The agreement also includes a reference to the US commitment to fund Afghan forces at $4.1 billion a year.

So if there is no deal, that commitment too would be questioned by US lawmakers, impatient to cut funding wherever they can, and weary of Afghanistan.

Amrullah Saleh, the former head of the Afghan Intelligence service the NDS, said he was confident that the deal would be agreed on terms acceptable to both sides.

“The only thing that gives me high confidence and hope that this will not be a goodbye Jirga, but it will be a Jirga bonding the two nations together is that the stakes are high for the two nations,” he said.

“Abandoning a country as strategically located as Afghanistan will be committing the mistakes of previous world powers… the mission is not finished,” Mr Saleh added.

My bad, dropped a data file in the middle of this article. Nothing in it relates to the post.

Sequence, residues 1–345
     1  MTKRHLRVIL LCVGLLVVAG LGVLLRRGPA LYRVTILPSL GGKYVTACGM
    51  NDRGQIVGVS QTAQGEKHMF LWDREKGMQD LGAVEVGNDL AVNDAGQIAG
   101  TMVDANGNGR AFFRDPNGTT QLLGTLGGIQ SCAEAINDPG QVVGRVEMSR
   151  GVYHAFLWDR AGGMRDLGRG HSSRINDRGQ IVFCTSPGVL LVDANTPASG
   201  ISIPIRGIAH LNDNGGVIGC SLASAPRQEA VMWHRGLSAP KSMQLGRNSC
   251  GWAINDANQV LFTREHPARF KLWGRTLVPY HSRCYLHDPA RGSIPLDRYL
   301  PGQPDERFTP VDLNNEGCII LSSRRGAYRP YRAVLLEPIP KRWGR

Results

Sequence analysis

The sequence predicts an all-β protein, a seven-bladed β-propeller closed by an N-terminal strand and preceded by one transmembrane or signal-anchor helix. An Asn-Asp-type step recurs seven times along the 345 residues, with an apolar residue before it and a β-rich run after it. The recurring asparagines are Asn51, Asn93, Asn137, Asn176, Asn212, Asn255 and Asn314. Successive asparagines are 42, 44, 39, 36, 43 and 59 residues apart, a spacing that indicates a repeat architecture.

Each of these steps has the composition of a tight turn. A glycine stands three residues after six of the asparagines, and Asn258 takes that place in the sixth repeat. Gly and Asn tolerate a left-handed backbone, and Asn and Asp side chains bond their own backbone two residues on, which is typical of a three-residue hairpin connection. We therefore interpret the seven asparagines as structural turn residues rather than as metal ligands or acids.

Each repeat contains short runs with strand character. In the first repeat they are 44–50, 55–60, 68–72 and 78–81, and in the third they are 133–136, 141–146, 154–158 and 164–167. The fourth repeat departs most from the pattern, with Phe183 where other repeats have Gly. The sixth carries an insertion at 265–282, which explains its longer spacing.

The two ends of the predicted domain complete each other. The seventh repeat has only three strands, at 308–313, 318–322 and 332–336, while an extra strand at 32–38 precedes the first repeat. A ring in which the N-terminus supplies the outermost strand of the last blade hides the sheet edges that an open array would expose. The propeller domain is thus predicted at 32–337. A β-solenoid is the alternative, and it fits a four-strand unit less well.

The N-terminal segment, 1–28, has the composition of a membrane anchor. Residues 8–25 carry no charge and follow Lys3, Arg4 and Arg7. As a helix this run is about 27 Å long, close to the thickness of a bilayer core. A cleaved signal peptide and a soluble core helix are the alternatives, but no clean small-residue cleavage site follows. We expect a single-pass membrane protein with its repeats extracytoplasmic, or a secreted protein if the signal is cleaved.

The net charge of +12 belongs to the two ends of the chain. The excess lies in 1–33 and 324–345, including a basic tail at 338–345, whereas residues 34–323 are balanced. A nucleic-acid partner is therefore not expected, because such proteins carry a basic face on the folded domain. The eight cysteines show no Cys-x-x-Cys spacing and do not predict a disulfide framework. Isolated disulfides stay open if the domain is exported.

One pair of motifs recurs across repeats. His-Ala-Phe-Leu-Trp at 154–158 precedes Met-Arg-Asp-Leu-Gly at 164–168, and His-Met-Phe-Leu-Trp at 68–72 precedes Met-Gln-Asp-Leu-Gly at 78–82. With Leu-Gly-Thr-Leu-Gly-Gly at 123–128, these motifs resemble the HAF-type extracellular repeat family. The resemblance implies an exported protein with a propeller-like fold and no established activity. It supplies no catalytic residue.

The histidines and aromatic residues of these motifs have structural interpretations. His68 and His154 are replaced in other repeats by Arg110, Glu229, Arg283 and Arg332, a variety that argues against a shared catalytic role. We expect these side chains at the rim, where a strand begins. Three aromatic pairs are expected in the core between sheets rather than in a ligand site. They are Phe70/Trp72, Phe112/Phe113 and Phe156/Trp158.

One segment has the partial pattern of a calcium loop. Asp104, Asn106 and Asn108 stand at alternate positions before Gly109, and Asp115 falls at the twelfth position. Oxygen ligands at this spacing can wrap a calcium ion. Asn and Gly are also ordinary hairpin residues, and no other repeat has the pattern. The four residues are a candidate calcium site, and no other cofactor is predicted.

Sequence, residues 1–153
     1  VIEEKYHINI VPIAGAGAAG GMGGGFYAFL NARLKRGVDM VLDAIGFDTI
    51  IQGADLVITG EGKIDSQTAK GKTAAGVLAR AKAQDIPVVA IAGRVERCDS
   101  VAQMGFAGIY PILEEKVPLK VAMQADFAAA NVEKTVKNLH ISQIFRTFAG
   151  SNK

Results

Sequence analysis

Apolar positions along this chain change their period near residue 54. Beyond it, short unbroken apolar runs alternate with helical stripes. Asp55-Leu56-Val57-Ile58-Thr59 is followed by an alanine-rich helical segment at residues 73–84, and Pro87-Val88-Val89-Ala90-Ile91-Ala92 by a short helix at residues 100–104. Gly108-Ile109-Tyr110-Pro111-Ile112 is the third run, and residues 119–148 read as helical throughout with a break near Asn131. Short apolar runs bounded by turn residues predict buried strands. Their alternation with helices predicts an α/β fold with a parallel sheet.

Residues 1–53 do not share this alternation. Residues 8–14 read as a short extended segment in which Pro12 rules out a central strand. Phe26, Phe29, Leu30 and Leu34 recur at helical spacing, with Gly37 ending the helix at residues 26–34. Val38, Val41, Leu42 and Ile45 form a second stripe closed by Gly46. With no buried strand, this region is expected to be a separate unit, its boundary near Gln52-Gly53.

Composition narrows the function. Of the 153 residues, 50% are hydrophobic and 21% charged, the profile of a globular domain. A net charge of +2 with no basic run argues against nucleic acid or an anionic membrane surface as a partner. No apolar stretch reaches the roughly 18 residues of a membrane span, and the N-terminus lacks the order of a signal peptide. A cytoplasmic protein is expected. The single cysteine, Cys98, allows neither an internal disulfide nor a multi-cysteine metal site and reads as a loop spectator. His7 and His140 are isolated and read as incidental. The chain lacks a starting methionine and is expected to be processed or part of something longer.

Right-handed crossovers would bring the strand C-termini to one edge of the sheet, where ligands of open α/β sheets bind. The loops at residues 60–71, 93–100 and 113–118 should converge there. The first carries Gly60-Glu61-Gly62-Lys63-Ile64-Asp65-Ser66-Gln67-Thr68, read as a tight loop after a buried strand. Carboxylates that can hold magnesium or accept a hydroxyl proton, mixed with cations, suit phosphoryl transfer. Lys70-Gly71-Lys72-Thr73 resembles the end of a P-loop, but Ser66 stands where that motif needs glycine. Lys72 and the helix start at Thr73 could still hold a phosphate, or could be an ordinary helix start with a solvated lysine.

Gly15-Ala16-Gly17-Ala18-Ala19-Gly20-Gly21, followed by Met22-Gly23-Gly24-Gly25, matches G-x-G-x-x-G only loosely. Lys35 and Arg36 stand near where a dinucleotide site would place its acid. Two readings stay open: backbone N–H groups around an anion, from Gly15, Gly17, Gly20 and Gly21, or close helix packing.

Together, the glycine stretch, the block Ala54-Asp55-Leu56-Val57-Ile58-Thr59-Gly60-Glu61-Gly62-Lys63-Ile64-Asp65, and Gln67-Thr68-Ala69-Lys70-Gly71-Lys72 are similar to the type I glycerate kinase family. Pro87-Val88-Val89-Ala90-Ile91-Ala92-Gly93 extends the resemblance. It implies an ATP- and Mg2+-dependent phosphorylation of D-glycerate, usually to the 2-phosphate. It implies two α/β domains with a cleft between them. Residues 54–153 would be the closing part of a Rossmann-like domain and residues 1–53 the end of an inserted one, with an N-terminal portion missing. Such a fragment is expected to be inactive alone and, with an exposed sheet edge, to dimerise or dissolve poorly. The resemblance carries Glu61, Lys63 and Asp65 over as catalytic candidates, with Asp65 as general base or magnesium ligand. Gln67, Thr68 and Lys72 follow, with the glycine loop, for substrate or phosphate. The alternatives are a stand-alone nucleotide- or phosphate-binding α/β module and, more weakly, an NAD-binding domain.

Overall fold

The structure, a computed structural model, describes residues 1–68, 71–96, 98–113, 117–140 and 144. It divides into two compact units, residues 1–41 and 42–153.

But the continued presence of US troops has significant critics. Wahid Mozhda, a member of the Movement Against Foreign Bases, said that the Americans had failed to defeat the Taliban with 100,000 troops – how would 10,000 manage to do the job? he asked.

As a reminder of continuing insecurity, a bomb close to the area where the Jirga is being held killed 10 and injured many more over the weekend. The Taliban have threatened to carry out further attacks.

Thousands of extra police have been drafted-in to lock-down the city centre to try to prevent further attacks.


The Obama Letter


Afghan VIPs at Loya Jirga anticipate having a love letter from President Barack Obama recited to them…


by Rod Nordland

New York Times

November 19, 2013